Little mouse

Somehow, over time, I became a little mouse. I scuttled around people, spoke quietly and, in my little mouse brain, prioritised other people over my own needs. I was particularly mousy when I felt I didn’t bring value to the situation, so I double, triple guessed everything before I said it, if I even said anything at all.

At university, my psychology lectures had over 300 people in them. I didn’t need a voice; we listened and took notes. I remember one lecture where the professor wanted to attempt a more participatory approach so he threw a plastic squishy brain at people to get them to answer questions. When he threw it at me, I refused to move my arms and catch it, so unwilling to respond in front of everyone. The brain just kind of bounced off me, which in my mind was a less embarrassing option than catching it and speaking in front of everyone.

When I went on to do a Masters, I was thrust into the seminar setting where part of our grade was based on our participation. I could no longer get along by just writing essays and exams, I actually had to speak up in each class. The professor would not be throwing a fake brain at the class, but the prospect of a lower grade was highly motivating for me. My physical reaction to this situation was a racing heart and unhelpful thoughts whirring around my mind. The longer I had to wait to speak, the more rapidly my thoughts and heart went. Whether I spoke or not, the come down after this was difficult to manage and completely distracting, as my heart rate returned to normal and I either thought critically over my contribution, or alternatively felt an engulfing wave of disappointment and shame that I hadn’t said anything.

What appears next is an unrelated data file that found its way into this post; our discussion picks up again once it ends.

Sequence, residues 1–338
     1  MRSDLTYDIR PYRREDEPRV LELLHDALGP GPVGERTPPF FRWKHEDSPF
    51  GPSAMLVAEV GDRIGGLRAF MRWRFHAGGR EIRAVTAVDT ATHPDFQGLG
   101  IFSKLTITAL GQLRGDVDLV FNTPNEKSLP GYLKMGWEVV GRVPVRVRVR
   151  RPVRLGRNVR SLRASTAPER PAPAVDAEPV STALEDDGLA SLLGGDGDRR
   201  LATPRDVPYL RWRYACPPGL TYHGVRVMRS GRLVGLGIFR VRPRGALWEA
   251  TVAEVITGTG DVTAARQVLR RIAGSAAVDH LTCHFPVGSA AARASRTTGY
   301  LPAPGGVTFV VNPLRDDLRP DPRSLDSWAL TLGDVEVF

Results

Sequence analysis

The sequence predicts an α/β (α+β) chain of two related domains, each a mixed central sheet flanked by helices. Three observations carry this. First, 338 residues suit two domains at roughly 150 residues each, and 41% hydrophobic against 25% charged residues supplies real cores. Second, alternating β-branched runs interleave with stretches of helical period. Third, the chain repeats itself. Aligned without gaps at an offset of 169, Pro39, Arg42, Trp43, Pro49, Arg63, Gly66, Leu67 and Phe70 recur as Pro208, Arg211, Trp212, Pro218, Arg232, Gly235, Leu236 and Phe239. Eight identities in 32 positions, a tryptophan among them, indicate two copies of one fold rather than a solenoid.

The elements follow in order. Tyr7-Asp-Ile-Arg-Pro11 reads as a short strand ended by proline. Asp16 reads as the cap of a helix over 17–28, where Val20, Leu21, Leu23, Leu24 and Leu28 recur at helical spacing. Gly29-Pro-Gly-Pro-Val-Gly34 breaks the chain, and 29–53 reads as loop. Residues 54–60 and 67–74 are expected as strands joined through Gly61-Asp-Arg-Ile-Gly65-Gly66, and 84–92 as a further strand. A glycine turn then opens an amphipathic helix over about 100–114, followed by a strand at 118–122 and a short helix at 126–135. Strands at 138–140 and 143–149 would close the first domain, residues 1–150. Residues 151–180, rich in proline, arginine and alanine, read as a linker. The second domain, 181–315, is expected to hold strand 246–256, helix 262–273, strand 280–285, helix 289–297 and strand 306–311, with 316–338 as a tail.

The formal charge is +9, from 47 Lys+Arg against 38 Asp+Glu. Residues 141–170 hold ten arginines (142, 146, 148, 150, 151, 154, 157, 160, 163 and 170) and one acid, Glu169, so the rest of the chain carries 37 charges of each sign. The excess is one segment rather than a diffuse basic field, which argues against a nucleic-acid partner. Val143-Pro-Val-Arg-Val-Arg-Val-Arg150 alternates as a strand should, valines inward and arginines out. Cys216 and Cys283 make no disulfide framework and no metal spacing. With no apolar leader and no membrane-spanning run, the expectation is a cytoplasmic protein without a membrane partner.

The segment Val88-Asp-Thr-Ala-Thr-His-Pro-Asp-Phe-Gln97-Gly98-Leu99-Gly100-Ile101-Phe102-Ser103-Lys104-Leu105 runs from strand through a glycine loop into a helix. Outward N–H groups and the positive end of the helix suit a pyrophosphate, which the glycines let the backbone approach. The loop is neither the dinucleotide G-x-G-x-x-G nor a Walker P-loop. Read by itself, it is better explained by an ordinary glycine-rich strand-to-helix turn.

Since completing my MA, I have continued to experience this anxiety, which is particularly highlighted in work settings. I have gone through CBT for a few months, and I also completed a speaking course (both of which I will write about more in future posts). Through this process, I have realised that a lot of this fear is based around saying or doing things which reduce people’s value that they attribute to me. For example, do they think I am intelligent/useful/valuable in this setting, and will I lose out on future opportunities because of this judgement? If I don’t speak up in at an important event, will I be invited to them in the future? This underlying fear is what causes me to freeze up, the irony being that by saying nothing, I am more likely to lose out.

I really worry about “saying the wrong thing”. A huge amount of wasteful energy is spent on this. I might worry before a meeting, during a meeting, and after a meeting. This is obviously a huge fucking waste of time and energy – there are loads of better things I could be spending my brain power on, rather than this frankly boring, self-centered drivel! But here we are, and I am working on it.  

The good news is, I don’t feel stuck like this. I have started a change, a shift. I am going through uncomfortable and clumsy experiments, which aren’t easy, but I really think they are helping push and challenge me in a useful way. It is scary to share this – I am scared of the implications of someone reading this and judging me, but I am taking the plunge anyway. Here’s to being less of a mouse.

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Thank you to Ruby for proofreading. Go and look at how great Ruby is.

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